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Top Utah House Republicans oppose repealing the death penalty, but say it deserves debate

A photo inside a prison.
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“The time is right to do right by our criminal justice system to use our money more efficiently, to make sure that we aren't asking our victims to endure decades of appeals, of unwanted media attention,” said Marina Lowe with the ACLU.

Things aren’t looking too promising for the effort by civil liberties groups, prosecutors and some GOP lawmakers to repeal the death penalty in Utah.

During a meeting with reporters Friday, the top two House Republicans said they were not in favor of a bill to eliminate it.

House Majority Leader Mike Schultz, R-Hooper, said the death penalty goes to the state’s worst criminals and he wouldn’t want to take that away.

House Speaker Brad Wilson, R-Kaysville, did say the bill, H.B. 147, would still get a committee hearing, though.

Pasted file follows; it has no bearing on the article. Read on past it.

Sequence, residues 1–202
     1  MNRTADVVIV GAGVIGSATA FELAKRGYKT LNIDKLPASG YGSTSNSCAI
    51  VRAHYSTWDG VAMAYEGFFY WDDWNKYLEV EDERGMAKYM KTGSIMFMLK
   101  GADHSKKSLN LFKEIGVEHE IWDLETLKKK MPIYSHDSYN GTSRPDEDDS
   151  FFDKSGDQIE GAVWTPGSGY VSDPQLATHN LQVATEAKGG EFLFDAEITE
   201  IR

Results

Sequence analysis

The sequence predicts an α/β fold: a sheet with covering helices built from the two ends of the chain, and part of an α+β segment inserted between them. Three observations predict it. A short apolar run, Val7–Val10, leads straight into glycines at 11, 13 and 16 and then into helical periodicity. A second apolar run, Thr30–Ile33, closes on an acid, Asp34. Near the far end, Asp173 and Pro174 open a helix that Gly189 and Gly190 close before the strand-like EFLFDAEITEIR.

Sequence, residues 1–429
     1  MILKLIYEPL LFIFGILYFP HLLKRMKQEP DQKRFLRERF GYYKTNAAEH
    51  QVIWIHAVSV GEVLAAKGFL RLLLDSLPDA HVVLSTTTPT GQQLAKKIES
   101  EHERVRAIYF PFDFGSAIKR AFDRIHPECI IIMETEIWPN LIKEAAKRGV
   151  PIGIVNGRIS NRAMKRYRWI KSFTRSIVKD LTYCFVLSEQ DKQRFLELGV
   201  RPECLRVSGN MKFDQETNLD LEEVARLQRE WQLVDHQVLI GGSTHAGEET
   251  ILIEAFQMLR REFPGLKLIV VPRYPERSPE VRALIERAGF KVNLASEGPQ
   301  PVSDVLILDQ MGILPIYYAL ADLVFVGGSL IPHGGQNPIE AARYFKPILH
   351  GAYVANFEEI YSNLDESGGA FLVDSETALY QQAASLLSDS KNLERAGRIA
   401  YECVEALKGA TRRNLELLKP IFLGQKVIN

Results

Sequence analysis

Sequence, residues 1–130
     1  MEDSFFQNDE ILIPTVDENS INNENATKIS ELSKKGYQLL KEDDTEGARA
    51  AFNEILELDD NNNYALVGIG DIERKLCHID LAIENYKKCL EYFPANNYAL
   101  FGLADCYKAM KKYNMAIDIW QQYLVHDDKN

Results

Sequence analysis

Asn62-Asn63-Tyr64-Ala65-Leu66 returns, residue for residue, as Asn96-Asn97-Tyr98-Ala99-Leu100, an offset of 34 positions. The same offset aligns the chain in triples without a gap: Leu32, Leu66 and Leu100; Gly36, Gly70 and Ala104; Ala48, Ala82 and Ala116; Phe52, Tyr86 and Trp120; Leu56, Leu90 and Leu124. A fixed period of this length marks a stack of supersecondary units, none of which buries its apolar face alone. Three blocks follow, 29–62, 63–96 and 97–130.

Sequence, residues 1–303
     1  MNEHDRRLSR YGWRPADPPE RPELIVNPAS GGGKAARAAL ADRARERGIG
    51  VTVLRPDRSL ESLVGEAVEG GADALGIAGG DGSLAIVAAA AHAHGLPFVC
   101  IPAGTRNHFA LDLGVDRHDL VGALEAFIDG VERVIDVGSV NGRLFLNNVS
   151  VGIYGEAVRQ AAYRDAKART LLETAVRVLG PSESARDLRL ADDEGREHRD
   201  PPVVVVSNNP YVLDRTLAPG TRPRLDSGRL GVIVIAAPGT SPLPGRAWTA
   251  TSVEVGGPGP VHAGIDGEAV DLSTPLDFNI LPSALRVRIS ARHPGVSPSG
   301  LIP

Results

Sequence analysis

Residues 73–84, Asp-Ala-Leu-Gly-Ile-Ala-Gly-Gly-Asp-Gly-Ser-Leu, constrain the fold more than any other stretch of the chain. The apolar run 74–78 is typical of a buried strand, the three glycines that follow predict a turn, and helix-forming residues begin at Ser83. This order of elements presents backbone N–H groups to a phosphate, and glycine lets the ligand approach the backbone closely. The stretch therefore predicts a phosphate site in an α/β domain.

Senate President Stuart Adams, R-Layton, said he’s been opposed to it but now has an open mind.

“I'm starting to see a little bit of both sides of this issue,” he said. “I'm concerned for the families of the victims that have gone through that death row process, along with the perpetrators.”

Still, the top two House Republicans publicly disapproving of the legislation doesn’t bode well for its chance to pass.

The ACLU of Utah’s Marina Lowe said she’s glad the bill will at least get a public hearing.

“The time is right to do right by our criminal justice system to use our money more efficiently, to make sure that we aren't asking our victims to endure decades of appeals, of unwanted media attention,” she said.

Utah has not executed anyone since 2010. About half of the country’s states have abolished capital punishment.

Utah County repealed its death penalty in October.

This marks the third time in the past five years lawmakers have introduced legislation to prohibit the use of capital punishment statewide. In 2016, former Republican Sen. Steve Urquhart sponsored a similar bill that came close to passing. In 2018, another bill was introduced by former Republican Rep. Gage Froerer.

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